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Danielle Norgren ’18 interns at The Carter Center

By Contributing Writer on January 9, 2018

Danielle Norgren '18

I first became interested in the Carter Center after reading about Rosalynn Carter’s mental health initiative while researching the reduction of stigma pertaining to mental illness. An internship with the Democracy program at the Carter Center gave me the unique chance to combine my interests in policy, disability rights, and international standards. My internship focused on examining the gaps in international law pertaining to persons with disabilities, and how elections can be made more accessible so that persons with disabilities can gain representation in society. My tasks included writing policy briefings, updating online resources for persons with disabilities, and translating documents into French. One of the most rewarding projects I had was developing a quantitative analysis of election observers’ findings in order to establish a relationship between electoral integrity and election results. I now hope to continue this work by studying social policy in graduate school.

This summer has been an incredibly fulfilling life experience. Outside of work, I was able to participate in Habitat for Humanity. I attended Sunday Bible School taught by Jimmy Carter, visited his childhood home, and had personal conversations with him pertaining to my future aspirations. It was an honor to learn from President Carter as I have always admired his dedication to human rights and his unwavering commitment to public service. I hope to emulate his dedication to public service.

The Carter Center does an excellent job of providing interns with concrete skills that are not necessarily taught in college environments. Additionally, interns are exposed weekly to global leaders such as the ex-Prime Minister of Canada, Ambassador Peters, and Former Minister of the Interior Juan Fernando. Through the Carter Center, interns are also able to participate in Habitat for Humanity, attend Sunday Bible School taught by Jimmy Carter, visit his childhood home, etc.


Francis Brunet ’16 Interns at the 31st Legislature of the Virgin Islands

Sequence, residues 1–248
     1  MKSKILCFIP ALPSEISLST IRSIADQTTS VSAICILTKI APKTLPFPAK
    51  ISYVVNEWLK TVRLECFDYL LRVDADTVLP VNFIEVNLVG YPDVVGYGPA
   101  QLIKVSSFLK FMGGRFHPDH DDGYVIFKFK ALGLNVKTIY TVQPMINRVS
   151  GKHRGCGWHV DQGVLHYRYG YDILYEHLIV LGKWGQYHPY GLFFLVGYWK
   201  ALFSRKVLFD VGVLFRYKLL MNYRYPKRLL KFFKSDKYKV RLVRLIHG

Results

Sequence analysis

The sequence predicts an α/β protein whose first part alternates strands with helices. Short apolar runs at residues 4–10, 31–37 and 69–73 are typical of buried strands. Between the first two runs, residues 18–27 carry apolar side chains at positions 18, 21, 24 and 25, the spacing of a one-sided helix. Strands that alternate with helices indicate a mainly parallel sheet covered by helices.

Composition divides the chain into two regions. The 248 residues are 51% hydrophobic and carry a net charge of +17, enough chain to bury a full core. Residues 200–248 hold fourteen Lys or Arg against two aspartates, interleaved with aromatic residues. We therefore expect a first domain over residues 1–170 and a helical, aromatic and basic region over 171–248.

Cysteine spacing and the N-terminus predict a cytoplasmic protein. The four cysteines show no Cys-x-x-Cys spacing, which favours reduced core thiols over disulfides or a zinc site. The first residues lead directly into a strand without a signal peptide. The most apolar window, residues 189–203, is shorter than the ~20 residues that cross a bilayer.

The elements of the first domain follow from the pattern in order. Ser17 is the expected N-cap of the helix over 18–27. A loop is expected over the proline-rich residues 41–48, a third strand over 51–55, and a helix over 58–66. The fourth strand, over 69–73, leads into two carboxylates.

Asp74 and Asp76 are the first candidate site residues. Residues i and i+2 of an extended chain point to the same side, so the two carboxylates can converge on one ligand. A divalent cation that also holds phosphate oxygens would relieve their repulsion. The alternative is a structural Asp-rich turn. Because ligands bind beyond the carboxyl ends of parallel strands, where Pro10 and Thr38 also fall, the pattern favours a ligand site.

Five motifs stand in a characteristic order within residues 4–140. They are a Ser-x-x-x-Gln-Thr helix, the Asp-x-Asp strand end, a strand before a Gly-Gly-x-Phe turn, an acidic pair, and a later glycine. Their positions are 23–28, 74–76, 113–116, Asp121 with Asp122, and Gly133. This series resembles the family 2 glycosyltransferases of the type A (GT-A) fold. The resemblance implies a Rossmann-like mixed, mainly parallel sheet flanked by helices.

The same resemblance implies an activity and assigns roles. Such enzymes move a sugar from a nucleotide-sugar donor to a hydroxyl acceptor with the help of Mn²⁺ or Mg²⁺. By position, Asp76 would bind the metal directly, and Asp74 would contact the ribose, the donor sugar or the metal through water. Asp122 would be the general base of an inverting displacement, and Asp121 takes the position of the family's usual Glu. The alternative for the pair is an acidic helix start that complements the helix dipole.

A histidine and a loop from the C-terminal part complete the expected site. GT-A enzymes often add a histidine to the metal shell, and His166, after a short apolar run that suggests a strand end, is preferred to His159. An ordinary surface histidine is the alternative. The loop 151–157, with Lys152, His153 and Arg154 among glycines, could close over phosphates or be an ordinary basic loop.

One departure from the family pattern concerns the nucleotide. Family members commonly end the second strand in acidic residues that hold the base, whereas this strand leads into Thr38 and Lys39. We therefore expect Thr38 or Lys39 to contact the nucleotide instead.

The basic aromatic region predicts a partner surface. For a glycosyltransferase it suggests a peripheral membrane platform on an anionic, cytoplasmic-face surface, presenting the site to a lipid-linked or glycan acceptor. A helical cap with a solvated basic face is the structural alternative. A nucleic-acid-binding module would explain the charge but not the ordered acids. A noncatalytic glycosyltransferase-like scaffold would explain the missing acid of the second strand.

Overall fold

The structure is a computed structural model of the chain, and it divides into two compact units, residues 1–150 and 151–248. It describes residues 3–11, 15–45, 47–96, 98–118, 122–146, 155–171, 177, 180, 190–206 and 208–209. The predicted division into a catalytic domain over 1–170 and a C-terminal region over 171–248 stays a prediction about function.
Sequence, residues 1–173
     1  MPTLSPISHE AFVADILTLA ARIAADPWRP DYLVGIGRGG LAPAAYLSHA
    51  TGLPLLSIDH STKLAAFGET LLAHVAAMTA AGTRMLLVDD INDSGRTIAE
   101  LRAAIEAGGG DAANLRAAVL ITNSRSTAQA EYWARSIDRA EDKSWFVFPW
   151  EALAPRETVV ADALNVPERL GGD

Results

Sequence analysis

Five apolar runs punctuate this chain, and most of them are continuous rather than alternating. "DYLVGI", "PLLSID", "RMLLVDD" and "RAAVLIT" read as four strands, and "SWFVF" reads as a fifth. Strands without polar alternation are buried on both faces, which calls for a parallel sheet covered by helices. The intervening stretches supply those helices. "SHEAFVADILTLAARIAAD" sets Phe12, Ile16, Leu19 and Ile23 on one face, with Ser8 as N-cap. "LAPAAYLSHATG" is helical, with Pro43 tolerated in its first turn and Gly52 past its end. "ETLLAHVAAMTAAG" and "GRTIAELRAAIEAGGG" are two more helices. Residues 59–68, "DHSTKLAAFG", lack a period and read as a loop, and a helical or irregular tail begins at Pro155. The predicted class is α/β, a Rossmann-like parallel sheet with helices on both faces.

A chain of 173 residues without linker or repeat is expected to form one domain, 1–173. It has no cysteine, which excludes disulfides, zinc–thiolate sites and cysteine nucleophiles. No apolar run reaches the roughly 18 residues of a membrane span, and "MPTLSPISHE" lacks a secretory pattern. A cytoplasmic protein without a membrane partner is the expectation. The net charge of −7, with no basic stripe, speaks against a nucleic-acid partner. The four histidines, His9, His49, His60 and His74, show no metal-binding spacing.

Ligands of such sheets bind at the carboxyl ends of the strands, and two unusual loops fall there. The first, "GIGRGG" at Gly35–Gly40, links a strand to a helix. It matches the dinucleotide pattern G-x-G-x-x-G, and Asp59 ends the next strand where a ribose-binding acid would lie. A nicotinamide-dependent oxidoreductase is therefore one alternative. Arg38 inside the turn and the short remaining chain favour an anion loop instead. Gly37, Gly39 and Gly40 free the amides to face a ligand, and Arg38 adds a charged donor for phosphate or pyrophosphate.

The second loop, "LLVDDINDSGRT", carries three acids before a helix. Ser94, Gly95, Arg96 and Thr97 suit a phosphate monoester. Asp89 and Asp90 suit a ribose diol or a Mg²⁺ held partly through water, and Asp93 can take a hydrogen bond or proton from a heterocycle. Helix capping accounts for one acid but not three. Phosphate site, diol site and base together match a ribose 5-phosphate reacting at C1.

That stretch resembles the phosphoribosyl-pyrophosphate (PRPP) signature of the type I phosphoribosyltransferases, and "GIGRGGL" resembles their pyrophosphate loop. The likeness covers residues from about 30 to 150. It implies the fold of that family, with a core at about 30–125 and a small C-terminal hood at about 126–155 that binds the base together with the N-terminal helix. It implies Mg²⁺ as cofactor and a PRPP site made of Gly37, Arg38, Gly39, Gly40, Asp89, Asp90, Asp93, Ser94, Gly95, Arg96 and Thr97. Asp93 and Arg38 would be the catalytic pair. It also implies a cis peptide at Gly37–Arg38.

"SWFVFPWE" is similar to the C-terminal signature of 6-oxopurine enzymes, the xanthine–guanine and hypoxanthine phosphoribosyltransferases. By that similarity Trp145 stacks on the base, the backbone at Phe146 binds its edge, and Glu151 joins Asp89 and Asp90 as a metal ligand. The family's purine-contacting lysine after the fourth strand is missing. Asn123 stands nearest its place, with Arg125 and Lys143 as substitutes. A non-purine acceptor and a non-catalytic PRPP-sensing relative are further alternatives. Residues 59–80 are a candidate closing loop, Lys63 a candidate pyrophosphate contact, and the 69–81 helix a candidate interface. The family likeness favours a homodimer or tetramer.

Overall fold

By Contributing Writer on December 8, 2015
Francis Brunet '16 worked as a legislative aide in the Senate President's Office

Francis Brunet ’16 worked as a legislative Aide in the Senate President’s Office

This summer I worked in the Senate President’s Office at the 31st Legislature of the Virgin Islands where I performed various office tasks as needed and helped to oversee and organize the inflows of information, managed daily office operations, which included the management of constituent and inter-office correspondence, as well as serving as liaison between the various offices. I worked directly for the Senate President, Neville James, to conduct research on issues pertaining to his participation on various committees in advance of weekly hearings.

The most challenging part of my experience was just getting accustomed to an office environment where expectations are high and your input matters. As you get older, the focus of your internship experiences become much more concerned with understanding how you would fit as a part of an office team. I was fortunate enough to be the only intern in my office – and one of two staffers on St. Thomas – therefore, I was able to spend a lot of time on the senate floor and get a firsthand look at the many issues facing the Virgin Islands today. I not only learned a lot about the issues at hand, but I also learned a lot about what it takes to someday be in a position to deliberate serious judicial issues.

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